Tuesday, January 19, 2010

New Hampshire has a state constitution

Here is a recent New Hampshire Supreme Court decision holding that failure to instruct a jury on an element of a crime is not subject to harmless error review. This is an issue that has come up in Kansas in State v. Daniels, where the KSC followed the United States Supreme Court's lead in Neder to find that the federal constituion allows application of the harmless error rule to such failure. But I don't know that the KSC, like the New Hampshire Supreme Court, has ever been presented with a state constitutional claim on that point. And after In re L.M., at least the KSC has recognized that there is a state constitutional right to a jury trial that is separate from the federal right. And there's a pretty good argument that, textually at least, the right stated in the Kansas Constitution is more clear than that in the New Hampshire Constitution (the right to jury trial shall be "inviolate," not shall be "inviolate except where it wouldn't matter"). So keep it in mind if you have one of these cases on appeal.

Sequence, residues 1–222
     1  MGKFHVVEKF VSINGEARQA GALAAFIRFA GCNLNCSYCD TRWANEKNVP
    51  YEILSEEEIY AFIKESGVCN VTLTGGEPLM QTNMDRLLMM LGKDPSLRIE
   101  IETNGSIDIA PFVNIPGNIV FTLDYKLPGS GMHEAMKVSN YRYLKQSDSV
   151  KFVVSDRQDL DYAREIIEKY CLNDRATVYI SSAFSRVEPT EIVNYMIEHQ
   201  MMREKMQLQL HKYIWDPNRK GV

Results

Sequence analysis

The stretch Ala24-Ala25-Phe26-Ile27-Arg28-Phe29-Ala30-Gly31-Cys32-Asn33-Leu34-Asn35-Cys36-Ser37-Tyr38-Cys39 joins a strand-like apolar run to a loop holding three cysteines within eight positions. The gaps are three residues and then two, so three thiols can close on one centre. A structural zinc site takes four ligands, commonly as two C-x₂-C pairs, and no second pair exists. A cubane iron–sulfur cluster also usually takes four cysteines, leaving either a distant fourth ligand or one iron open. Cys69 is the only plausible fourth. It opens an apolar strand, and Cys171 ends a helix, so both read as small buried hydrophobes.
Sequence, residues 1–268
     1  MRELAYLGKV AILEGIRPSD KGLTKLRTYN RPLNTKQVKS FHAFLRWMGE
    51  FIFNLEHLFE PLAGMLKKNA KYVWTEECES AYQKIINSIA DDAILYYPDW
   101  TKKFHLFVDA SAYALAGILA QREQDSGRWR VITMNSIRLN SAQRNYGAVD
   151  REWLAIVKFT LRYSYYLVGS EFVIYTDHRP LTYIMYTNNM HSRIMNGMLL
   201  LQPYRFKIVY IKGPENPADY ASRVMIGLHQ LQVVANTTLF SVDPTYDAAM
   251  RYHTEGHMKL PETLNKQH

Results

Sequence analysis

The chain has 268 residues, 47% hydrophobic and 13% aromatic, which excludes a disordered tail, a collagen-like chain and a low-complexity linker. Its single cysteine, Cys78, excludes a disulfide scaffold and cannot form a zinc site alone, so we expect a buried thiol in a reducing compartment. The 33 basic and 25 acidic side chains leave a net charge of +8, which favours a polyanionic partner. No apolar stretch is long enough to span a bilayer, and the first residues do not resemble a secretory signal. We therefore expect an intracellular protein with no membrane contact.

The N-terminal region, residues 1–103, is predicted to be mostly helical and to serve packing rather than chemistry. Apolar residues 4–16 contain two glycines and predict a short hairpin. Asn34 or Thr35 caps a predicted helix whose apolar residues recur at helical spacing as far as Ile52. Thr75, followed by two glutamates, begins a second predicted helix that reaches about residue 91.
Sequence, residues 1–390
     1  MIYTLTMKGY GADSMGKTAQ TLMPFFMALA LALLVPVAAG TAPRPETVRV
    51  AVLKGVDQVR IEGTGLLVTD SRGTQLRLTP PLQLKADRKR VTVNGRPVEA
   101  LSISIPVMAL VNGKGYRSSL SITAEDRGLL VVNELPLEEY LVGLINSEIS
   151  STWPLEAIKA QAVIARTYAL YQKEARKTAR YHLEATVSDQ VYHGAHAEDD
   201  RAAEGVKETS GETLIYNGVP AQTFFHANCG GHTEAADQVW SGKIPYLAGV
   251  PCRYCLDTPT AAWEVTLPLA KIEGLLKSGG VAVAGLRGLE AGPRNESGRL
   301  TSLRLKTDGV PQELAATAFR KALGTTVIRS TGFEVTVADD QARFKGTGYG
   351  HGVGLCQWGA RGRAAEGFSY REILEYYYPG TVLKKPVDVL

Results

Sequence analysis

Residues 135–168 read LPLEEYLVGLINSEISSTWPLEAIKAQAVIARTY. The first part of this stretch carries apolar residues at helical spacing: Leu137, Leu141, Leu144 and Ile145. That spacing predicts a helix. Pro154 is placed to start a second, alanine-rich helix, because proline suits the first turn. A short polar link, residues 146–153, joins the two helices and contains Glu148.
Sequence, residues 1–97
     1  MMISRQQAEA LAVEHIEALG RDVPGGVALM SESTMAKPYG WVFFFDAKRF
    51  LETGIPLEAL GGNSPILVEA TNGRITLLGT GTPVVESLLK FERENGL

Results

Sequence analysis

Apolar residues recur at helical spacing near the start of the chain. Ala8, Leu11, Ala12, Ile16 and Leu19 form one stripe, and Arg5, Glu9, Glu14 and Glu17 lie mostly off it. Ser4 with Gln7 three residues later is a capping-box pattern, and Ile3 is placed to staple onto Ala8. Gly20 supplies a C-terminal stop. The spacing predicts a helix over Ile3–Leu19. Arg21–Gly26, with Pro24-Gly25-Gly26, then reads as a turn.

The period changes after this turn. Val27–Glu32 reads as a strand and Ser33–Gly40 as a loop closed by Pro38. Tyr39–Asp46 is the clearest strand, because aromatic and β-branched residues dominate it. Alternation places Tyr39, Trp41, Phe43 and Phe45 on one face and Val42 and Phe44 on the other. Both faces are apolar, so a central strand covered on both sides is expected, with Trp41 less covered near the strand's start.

Carl Folsom said...

I know of at least one case where the KSC was presented with the State constitutional argument that Daniels should be overruled. It was State v. Magallanez, which was argued in September of last year.

unhappygrammy said...

NH does have a state constitution. It's just too bad the courts don't abide by it!